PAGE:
Another Phase III study finds hydroxychloroquine ineffective

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[H]ydroxychloroquine – the malaria and autoimmune disease drug that President Donald Trump promoted as a potential “game changer” early in the Covid-19 pandemic – not only failed to improve outcomes in those with mild-to-moderate disease, but also produced a higher rate of cardiac and liver side effects.

Results of the randomized, controlled, open-label Phase III trial, which took place at more than two dozen sites in Brazil, were published in the New England Journal of Medicine on [July 30]. The study randomized 667 patients to receive hydroxychloroquine or the drug plus the antibiotic azithromycin on top of standard of care or standard of care alone. When patients were measured on the seven-point ordinal scale of improvement in disease, those in the two hydroxychloroquine groups showed no improvement compared with patients who received standard of care alone. Moreover, those receiving hydroxychloroquine more frequently experienced Qt prolongation and elevation of liver enzymes.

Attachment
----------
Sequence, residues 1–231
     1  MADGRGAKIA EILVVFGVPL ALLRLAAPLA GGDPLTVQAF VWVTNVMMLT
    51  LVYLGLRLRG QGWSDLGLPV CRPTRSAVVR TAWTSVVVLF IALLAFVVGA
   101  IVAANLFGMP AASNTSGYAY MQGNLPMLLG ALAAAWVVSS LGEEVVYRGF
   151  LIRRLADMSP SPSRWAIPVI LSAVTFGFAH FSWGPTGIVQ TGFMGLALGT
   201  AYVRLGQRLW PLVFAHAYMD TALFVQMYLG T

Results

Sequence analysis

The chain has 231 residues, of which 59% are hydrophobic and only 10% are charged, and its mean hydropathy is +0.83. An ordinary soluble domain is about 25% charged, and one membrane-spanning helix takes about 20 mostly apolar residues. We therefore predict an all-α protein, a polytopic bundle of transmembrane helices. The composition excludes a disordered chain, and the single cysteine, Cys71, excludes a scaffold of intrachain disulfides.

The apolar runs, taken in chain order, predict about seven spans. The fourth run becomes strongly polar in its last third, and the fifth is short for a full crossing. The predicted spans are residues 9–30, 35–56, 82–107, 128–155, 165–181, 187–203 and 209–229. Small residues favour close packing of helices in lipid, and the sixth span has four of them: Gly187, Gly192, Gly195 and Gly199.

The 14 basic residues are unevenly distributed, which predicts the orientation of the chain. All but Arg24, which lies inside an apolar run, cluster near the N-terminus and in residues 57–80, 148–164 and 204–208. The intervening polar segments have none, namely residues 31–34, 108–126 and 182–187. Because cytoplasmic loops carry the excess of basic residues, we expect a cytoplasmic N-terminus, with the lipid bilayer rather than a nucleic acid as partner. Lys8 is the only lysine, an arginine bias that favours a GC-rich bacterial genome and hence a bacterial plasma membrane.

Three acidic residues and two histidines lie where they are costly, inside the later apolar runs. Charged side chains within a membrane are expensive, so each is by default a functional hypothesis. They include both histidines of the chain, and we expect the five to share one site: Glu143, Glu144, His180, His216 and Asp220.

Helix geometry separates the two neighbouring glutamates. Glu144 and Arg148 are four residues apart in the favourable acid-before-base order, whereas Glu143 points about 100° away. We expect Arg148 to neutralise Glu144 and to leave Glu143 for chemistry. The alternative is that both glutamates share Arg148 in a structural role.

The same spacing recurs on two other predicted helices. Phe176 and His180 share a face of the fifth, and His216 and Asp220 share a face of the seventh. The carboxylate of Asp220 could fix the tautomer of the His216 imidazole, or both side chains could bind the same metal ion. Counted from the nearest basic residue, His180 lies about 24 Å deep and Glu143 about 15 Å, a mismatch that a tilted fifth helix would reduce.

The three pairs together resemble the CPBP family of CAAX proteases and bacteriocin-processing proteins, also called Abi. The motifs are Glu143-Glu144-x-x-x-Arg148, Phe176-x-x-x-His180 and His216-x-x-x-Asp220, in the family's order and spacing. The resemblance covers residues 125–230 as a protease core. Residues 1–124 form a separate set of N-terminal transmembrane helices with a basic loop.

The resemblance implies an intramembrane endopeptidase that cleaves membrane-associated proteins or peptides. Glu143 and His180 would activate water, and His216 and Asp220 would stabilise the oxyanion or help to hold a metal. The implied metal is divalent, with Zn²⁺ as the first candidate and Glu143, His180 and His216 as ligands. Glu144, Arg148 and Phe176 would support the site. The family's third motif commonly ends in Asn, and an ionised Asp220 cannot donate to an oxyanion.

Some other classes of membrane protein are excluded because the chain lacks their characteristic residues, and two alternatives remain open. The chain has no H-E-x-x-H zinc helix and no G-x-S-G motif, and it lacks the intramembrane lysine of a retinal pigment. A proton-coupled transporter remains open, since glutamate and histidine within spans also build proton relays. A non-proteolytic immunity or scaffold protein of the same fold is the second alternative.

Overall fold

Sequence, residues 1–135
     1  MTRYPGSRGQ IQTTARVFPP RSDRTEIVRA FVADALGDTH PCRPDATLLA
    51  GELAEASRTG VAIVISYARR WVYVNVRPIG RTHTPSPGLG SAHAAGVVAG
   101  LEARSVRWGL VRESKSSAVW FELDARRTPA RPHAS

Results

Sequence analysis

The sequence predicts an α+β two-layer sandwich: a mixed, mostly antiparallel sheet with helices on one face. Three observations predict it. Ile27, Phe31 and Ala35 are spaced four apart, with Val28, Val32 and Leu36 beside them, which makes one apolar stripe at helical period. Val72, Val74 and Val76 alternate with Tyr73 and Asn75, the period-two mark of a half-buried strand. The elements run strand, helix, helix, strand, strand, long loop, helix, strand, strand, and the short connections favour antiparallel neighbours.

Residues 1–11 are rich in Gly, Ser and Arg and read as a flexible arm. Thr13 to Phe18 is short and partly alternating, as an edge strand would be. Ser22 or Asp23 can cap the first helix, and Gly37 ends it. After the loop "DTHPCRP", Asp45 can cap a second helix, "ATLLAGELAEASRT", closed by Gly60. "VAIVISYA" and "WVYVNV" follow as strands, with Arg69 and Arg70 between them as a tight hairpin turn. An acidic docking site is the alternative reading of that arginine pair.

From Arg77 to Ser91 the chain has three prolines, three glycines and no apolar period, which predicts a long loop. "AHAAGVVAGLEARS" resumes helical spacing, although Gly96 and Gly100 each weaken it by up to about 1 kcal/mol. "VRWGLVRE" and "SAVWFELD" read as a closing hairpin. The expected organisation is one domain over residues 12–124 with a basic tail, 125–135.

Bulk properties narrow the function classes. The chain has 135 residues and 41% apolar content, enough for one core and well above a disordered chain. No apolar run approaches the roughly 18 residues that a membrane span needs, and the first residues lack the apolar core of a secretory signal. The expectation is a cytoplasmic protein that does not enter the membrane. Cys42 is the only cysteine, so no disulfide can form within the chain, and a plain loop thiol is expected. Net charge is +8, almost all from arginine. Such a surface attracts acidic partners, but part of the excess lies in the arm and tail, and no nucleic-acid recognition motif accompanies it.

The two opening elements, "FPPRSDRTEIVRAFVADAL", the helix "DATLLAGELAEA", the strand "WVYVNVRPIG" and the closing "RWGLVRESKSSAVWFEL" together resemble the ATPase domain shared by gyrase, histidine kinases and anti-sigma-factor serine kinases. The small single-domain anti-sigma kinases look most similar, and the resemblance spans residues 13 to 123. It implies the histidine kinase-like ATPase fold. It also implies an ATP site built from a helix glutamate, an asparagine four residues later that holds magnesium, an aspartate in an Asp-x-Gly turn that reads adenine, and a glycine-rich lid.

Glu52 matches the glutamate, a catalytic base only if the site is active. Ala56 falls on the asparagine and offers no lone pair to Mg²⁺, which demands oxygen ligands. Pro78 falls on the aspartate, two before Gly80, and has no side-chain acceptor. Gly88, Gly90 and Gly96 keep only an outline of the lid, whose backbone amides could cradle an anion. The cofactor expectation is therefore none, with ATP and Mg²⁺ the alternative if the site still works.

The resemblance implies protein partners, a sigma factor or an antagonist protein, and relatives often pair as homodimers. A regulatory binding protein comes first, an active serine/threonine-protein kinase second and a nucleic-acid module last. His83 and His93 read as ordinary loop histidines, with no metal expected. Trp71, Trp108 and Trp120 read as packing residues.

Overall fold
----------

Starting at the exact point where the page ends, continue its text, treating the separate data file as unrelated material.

Related article:  We're using a lot of experimental coronavirus treatments. That could make it harder to figure out what works
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The results add to the growing body of evidence not supporting treatment of Covid-19 with hydroxychloroquine, an analogue of chloroquine, which has also been explored without success in Covid-19. Last month, the Food and Drug Administration revoked an emergency use authorization that it had granted to the drug in late March, a move that had been criticized as motivated more by politics than by science.

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